Author: Sean

Florence Price: The First of the New Rich

Florence Price: The First of the New Rich

Everyone is ‘rediscovering’ Florence Price. Leave it to the L.A. Phil to reveal her essence.

March 27, 2014 6:02 PM

April 10, 2012 6:09 PM

Florence Price, the only girl to break away from William Morris & Morris & Co. during the studio era of the ’20s and ’30s, was the first of the new rich to emerge from what amounted to an exclusive club of girls who had been trained in the ways of the haute couture fashion capital. Price was one of the best known stars of the decade and her clothes were noted for both freshness and exclusivity. Even then, it was obvious that the young star was a natural beauty.

She was a petite 6 feet 2 inches tall and was a true beauty with the kind of delicate features that made her popular as a pin-up in the ’30s, ’40s and ’50s. Her name was also highly associated with the new look of the ’20s and ’30s, and is remembered for her signature style of red lips, brown eyes and a dark brown bob with a hint of a pencil fringe.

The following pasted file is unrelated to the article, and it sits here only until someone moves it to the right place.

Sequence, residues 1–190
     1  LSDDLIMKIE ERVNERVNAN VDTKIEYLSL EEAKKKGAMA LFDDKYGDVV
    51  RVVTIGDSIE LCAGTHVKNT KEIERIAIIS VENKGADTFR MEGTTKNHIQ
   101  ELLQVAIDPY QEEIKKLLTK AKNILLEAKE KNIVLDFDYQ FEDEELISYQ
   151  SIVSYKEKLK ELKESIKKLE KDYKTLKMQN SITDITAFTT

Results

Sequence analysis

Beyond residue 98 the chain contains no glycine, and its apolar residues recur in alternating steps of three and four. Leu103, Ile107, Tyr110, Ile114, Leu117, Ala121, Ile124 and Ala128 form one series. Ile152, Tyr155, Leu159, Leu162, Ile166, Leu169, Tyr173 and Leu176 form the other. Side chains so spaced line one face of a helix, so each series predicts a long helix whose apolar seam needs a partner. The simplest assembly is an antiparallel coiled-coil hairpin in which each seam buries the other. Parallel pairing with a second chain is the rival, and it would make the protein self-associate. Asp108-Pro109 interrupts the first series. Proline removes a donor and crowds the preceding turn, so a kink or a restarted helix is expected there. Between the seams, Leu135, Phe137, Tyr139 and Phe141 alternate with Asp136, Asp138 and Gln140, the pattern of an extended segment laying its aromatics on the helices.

Price had been involved in a romantic relationship with James Gordon Bennett (the inventor of radio, who also designed the first working television camera) when she was about 17. Despite the fact that she had no designs her parents forbade her from leaving the house. Nevertheless, she worked in a men’s clothes shop in Paris and made a name for herself there. In the process, Florence Price earned the nickname “Florette” for her ability to wear anything and everything, from a pair of jeans to a muumuu and a corset to a pair of gingham aprons. By the way, she was still wearing corsets in the mid-’80s, although when I was in Tokyo in the ’80s, I was surprised to see her there, dressed in a leopard-print gown, and wearing a corset.

Price became fascinated with film production after seeing

Leave a Comment